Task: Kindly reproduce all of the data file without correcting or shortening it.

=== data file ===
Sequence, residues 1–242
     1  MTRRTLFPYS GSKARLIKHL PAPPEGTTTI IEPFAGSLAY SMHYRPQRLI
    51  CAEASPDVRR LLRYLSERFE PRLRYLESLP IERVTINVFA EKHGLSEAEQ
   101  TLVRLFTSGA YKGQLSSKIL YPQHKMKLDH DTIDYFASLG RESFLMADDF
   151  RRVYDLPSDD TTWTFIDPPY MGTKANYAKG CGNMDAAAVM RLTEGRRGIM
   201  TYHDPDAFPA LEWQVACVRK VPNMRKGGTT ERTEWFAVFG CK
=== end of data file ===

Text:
Sequence, residues 1–242
     1  MTRRTLFPYS GSKARLIKHL PAPPEGTTTI IEPFAGSLAY SMHYRPQRLI
    51  CAEASPDVRR LLRYLSERFE PRLRYLESLP IERVTINVFA EKHGLSEAEQ
   101  TLVRLFTSGA YKGQLSSKIL YPQHKMKLDH DTIDYFASLG RESFLMADDF
   151  RRVYDLPSDD TTWTFIDPPY MGTKANYAKG CGNMDAAAVM RLTEGRRGIM
   201  TYHDPDAFPA LEWQVACVRK VPNMRKGGTT ERTEWFAVFG CK